Transportation is high priority as leaders list state, federal agendas

December 11, 2012

By Staff

NEW — 10 a.m. Dec. 11, 2012

Transportation is a high priority as King County prepares to ask state and federal leaders for assistance to upgrade roads and other infrastructure.

King County Council members adopted legislative agendas for the state and federal governments Monday. The lists focus on transportation improvements and efforts to preserve human services.

“The challenges facing Olympia and Washington, D.C., have a direct impact on how King County can serve its residents,” council Chairman Larry Gossett said in a statement. “The adopted agendas are clear directives from both the council and the executive on what the county’s priorities are and how we plan to work with our delegations to achieve those priorities.”

The county is asking the state to create financing tools to allow local leaders to create revenue for the aging road system in rural and unincorporated areas. Leaders also asked the state for more direct investment in the local transportation system.

“New funding mechanisms for roads and transportation will be a high priority during the 2013 legislative session,” Councilwoman Kathy Lambert, Washington State Association of Counties Legislative Steering Committee co-chairwoman and the Issaquah representative, said in a statement. “Our transportation infrastructure and regional mobility are major keys to the economic vitality of the county and the state.”

Local property tax revenue and a separate roads levy support the County Road Fund. The county collects $2.25 per $1,000 in assessed value through the levy. The combined funding, however, is not enough to support maintenance and storm response on 1,500 miles of road in rural and unincorporated areas.

The shortfall stems from annexations of unincorporated areas into nearby cities, lower property valuations and a dip in gas tax revenue caused the fund to drop 25 percent, from $128 million to $96 million. Since 2010, the county Road Services Division has eliminated about 200 positions.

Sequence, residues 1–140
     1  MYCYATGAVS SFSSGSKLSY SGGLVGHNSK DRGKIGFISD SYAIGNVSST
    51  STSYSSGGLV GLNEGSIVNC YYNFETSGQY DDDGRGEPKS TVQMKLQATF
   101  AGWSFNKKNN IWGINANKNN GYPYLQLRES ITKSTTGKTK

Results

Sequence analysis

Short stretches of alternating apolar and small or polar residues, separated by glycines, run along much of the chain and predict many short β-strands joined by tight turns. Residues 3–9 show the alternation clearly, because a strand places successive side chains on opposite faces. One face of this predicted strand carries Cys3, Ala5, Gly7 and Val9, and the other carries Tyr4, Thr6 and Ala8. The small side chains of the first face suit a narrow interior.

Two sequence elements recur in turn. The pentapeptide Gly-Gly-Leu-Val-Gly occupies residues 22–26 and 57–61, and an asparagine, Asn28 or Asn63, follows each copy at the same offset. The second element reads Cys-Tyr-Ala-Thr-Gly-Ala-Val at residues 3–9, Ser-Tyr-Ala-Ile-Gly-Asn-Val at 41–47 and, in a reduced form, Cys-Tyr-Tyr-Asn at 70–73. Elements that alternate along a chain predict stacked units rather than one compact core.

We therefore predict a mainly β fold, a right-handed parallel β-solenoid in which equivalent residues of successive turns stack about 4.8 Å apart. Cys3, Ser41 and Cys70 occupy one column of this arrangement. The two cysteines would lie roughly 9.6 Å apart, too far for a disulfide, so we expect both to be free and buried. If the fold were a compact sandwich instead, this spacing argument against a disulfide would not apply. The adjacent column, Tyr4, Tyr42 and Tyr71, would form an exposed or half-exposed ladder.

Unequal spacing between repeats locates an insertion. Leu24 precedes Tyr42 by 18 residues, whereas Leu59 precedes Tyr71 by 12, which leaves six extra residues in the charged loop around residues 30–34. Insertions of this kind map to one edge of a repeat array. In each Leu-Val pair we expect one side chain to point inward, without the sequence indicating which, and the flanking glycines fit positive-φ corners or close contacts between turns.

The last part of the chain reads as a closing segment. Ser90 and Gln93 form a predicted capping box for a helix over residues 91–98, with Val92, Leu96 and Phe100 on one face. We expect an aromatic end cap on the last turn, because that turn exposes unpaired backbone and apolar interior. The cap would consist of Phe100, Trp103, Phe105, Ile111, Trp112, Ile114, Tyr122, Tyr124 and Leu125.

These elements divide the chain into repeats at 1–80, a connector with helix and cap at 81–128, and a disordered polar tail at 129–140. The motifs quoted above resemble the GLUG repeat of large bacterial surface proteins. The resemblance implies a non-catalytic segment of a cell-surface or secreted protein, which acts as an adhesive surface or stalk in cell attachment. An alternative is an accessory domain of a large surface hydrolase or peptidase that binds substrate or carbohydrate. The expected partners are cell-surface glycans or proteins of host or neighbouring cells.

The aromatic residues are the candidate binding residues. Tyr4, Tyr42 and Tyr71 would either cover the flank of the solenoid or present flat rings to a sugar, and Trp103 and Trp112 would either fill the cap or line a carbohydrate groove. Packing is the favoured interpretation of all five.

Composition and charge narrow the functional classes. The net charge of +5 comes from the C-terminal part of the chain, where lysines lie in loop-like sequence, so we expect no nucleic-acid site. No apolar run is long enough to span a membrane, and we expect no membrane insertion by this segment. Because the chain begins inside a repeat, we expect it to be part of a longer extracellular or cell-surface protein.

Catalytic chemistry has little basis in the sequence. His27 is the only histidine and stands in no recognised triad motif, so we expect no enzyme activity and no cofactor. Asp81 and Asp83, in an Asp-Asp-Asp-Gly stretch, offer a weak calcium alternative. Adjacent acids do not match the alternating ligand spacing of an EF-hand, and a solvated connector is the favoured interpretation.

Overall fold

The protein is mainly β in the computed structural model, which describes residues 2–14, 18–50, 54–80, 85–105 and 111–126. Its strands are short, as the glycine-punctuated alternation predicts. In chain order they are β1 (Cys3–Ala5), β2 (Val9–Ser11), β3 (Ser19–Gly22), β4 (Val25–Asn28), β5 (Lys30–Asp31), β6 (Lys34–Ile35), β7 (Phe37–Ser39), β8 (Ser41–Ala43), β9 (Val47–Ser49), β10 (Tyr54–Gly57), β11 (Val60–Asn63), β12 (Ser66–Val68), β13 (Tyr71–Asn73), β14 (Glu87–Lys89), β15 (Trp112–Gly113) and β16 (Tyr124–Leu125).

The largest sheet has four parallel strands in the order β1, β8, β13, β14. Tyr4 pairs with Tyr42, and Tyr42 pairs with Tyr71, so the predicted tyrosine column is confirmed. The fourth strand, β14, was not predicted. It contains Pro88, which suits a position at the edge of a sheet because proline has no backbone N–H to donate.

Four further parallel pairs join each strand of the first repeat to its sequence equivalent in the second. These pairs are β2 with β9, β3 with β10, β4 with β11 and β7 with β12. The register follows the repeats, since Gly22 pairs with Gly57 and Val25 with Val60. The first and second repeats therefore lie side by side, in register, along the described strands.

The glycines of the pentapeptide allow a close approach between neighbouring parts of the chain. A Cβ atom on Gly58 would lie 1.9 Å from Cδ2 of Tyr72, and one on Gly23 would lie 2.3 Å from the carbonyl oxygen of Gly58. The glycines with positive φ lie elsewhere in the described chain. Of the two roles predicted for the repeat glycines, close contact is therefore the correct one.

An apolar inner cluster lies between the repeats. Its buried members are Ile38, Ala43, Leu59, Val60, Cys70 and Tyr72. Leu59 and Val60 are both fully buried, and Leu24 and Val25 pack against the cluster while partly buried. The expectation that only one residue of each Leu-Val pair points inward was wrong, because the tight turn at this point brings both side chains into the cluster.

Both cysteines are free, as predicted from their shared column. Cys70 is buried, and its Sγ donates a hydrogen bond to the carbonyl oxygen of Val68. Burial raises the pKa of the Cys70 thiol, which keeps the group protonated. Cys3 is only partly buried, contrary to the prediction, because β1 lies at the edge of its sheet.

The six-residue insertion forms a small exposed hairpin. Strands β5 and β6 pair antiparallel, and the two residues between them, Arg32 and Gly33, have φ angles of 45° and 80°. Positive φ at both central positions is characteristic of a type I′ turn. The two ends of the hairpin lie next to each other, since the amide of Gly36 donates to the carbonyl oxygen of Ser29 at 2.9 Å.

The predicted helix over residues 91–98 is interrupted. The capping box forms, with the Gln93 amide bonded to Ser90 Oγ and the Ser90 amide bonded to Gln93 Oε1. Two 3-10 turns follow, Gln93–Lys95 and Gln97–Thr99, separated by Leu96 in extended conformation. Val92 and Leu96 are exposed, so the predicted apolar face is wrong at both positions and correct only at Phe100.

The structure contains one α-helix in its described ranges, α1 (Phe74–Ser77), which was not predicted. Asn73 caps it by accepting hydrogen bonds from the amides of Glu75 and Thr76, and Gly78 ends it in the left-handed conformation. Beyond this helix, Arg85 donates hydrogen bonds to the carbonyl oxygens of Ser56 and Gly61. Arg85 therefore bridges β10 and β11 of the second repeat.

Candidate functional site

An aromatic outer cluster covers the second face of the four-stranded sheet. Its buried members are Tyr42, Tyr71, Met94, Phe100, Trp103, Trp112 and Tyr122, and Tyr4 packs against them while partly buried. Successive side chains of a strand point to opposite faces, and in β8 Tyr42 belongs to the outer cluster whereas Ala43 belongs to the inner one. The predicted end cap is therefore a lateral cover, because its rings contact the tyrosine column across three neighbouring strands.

“The funding strategy set up by the state Growth Management Act 20 years ago did not anticipate such a rapidly dwindling number of residents in the unincorporated area who fund the roads,” Lambert said. “Thirteen percent of our population cannot afford to fund more than 1,500 miles of roadway. It is essential that local governments have access to equitable, adequate and sustainable funding tools to maintain our roads and buses.”

The council is also advocating for the state government to preserve the social safety net and create financing tools for the county to pay for human services programs. Cuts at the state level often compound reductions from the federal government, and local governments must pick up the slack.

Officials hope to consolidate the King County Ferry and Flood Control Zone districts’ governance and oversight into the county.

“Meaningful solutions to issues related to human services, flooding and transportation are only identified when King County and Olympia work together,” Councilwoman Julia Patterson said in a statement. “I look forward to collaborating with our legislators in Olympia next year.”

The council and King County Executive Dow Constantine develop state and federal legislative agendas each year.

The county is prepared to ask the state’s congressional delegation for dollars to support and upgrade local transportation infrastructure.

Officials seek federal assistance to preserve existing health programs. The county is also supporting a farm bill with resources to fund federal nutritional programs.

The council also focused on justice and safety issues, including domestic violence and youth programs.

“The state and federal legislative agendas are vitally important to the work we do in King County,” Issaquah-area Councilman Reagan Dunn said in a statement. “It is important that the County Council advocates for the citizens we represent.”

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